The Conserve and Save: Energy Efficiency Action Plan reaffirms our ambitious energy efficiency and microgeneration agenda for Scotland. It sets out our wide-ranging programme of activity on behaviour change, household, business and public sector energy efficiency, infrastructure, skills, and finance. It builds on the consultation paper and the responses to it, and is a key component of our broader approach to meeting Scotland's climate change targets and securing the transition to a low carbon economy in Scotland.
The plan sets a framework for energy efficiency and microgeneration that furthers our climate change, economic and social agendas. It drives the cost-effective action required if Scotland is to meet its challenging statutory emissions reduction targets of at least 80% by 2050 and 42% by 2020, as set out in the Climate Change (Scotland) Act 2009. In doing so, it seeks to create employment, promote new technologies, and secure wider economic benefits for the low carbon economy. By reducing energy consumption, it aims to reduce costs for consumers whilst improving levels of comfort, and to improve Scotland's security of energy supply.
Our key actions relating to energy efficiency include to:
- improve the energy efficiency of all our housing stock to meet the demands of the future;
- establish a single energy and resource efficiency service for Scottish businesses;
- develop a public sector that leads the way through exemplary energy performance and provides the blueprint for a low carbon Scotland;
- reduce our transport energy demand, transforming how we use our transport systems;
- promote infrastructure improvements, e.g. by developing a sustainable heat supply; and
- ensure that people are appropriately skilled to take up the opportunities.
We will progress the actions in this plan through engagement with partners and the public as an integral part of our ongoing work to develop proposals and policies for climate change and make the transition to the low carbon economy. This is a priority area for Scottish Government and will remain a key focus of our activity over the coming months, years and decades.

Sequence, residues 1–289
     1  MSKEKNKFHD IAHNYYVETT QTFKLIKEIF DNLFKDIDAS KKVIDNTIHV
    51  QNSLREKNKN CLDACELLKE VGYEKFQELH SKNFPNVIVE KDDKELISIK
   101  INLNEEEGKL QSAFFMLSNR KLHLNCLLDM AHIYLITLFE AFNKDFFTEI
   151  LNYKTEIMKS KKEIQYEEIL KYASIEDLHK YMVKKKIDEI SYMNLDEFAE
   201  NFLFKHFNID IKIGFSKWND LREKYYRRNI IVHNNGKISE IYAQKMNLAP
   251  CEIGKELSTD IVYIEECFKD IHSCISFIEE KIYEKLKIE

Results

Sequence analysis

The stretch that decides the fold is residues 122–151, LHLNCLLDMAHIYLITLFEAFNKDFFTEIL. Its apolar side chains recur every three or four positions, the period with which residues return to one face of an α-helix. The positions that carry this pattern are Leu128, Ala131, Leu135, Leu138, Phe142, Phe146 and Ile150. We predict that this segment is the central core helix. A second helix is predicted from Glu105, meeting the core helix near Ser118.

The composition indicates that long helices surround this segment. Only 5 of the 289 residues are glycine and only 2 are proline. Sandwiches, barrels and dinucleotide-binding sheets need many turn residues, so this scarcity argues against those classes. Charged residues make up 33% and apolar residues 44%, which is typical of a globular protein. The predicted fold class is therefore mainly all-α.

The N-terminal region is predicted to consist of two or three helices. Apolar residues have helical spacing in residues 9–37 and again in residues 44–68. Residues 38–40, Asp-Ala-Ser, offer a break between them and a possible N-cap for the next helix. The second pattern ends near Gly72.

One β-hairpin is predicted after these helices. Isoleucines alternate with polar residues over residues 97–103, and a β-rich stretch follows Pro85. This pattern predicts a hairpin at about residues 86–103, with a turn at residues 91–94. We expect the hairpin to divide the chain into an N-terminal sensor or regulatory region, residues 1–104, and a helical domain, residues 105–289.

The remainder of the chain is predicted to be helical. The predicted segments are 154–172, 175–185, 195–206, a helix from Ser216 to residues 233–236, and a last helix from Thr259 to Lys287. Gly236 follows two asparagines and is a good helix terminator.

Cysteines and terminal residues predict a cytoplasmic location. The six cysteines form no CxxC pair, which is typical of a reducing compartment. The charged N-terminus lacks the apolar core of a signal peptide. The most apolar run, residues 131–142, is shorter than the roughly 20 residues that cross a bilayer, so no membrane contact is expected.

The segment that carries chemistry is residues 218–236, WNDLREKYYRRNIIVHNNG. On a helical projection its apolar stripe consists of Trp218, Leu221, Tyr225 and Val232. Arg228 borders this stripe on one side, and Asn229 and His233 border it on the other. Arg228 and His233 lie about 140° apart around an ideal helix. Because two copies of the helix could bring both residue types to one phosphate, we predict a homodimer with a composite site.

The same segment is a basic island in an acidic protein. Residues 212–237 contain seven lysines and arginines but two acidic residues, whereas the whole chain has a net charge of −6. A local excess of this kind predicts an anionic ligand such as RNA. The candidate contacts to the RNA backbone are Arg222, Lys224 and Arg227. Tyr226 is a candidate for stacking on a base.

Also worth seeing
- Partial Regulatory Impact Assessment (RIA) This partial RIA link to options considered within Chapter 7 of the Consultation on the Energy Efficiency Action Plan.
- Energy Study Volume IV This study considers the many factors and key drivers that influence energy use in Scotland today and identifies the opportunities to improve energy use within Scotland. Volume 4 was drafted in 2005 and hence the stakeholder views that informed the report are now out of date. Similarly, Volume 4 uses data on energy demand for 2002 that was published in Volume 1 in early 2006. Since then this Volume has been updated with energy statistics, policies and other data (e.g. population trends, economic data and transport statistics) to provide a more current view where possible. So while some elements of this report are dated, it provides a useful overview of the issues, opportunities and barriers to reducing energy demand and hence CO2 emissions across Scotland 4 main demand sectors.
- Modelling Greenhouse Gas Emissions in Scottish housing. This research report details the specification and development of a new carbon assessment tool for Scottish housing. The tool was used to provide analysis for the consultation on the Energy Efficiency Action Plan.
- Summary of Key Issues